Nencki Institute Seminar

Dear All

This Thursday, March 18th at 3pm, Michał Szczepanik, a PhD student from the Neurobiology of Emotions Lab led by Prof. Ewelina Knapska, will give a lecture entitled: Learning fear from others: observational fear conditioning in humans


Behaviours and emotional expressions of other people are powerful cues supporting social learning of threat and safety. We studied this process with a modified observational fear conditioning task which was performed simultaneously by pairs of friends: one was the demonstrator, and underwent differential fear conditioning while being observed by the other (observer). The stimuli used to signal threat to the demonstrator were then presented to the observer to test the social acquisition of fear. While most previous studies used videos as social stimuli, we relied on live observation of a familiar person to increase immersion and ecological validity of the procedure.

I will discuss our methodology and present the results of two experiments: the first was psychophysiological, and allowed us to validate the real-time observational procedure in 35 pairs of friends. The second experiment was based on fMRI, and involved 48 pairs of friends, in which demonstrators were video streamed to the observers (‘friends’ group), and additional 47 participants (‘strangers’ group) who watched video recordings of the demonstrators from the ‘friends’ group. This allowed us to compare learning from a friend versus an unknown person, using visually identical stimulus material.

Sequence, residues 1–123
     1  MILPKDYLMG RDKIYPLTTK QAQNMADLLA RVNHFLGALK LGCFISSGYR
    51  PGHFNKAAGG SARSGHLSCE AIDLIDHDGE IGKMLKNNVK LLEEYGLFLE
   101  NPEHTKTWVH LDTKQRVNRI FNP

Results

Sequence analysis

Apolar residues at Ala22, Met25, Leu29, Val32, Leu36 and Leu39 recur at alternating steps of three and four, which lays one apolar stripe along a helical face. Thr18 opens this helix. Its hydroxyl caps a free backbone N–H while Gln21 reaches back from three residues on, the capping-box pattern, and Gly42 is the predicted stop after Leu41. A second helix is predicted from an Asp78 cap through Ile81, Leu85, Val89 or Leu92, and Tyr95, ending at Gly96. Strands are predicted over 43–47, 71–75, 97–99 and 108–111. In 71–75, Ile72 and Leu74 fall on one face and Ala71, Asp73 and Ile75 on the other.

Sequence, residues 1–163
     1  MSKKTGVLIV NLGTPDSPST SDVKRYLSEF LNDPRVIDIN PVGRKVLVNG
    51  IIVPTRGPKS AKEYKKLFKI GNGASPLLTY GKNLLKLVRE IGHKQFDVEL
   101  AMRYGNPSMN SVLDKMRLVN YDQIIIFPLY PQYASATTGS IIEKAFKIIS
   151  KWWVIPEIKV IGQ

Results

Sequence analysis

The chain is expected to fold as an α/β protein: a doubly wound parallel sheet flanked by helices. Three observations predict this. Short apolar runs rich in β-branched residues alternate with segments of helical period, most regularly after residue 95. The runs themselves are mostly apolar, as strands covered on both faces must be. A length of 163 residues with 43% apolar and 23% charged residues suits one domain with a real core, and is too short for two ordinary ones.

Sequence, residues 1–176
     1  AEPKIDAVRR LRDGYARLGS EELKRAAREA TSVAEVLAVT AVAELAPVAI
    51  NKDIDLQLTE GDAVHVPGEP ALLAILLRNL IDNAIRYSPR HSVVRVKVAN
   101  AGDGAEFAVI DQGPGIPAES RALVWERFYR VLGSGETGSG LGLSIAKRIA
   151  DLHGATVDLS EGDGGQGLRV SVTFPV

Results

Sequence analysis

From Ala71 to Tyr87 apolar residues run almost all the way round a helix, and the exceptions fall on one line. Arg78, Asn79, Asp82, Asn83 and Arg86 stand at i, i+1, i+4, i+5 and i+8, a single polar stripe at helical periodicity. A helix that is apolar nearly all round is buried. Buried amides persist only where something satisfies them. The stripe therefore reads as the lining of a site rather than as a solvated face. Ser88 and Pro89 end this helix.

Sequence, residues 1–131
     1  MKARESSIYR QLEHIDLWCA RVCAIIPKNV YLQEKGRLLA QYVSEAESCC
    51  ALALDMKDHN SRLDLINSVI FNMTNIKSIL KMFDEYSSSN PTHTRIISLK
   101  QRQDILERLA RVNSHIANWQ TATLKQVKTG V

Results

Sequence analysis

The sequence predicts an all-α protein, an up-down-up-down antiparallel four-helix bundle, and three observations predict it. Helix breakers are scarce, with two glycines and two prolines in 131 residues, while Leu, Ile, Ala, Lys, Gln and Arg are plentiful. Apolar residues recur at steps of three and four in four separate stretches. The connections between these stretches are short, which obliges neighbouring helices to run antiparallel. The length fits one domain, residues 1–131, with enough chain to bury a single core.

In the psychophysiological experiment, learning was evaluated across skin conductance responses, fear potentiated startle reflex, and declarative measures. In fMRI, the main effects of fear acquisition and fear expression were similar in both groups of observers (friends and strangers), and again confirmed the effectiveness of social fear learning. Notably, we observed activations in the amygdala, anterior insula and anterior cingulate cortex (the set of structures activated also by direct fear conditioning), as well as in the superior temporal sulcus and fusiform gyrus (the structures involved in processing of social stimuli). However, we did not find differences between observation of a friend and observation of an unknown person. This suggests that social learning of threat can be considered primarily as a transfer of information, of which strangers are equally reliable sources as friends.

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Best regards,

12 March 2021
2021-03-18 15:00:00
2021-03-18 17:00:00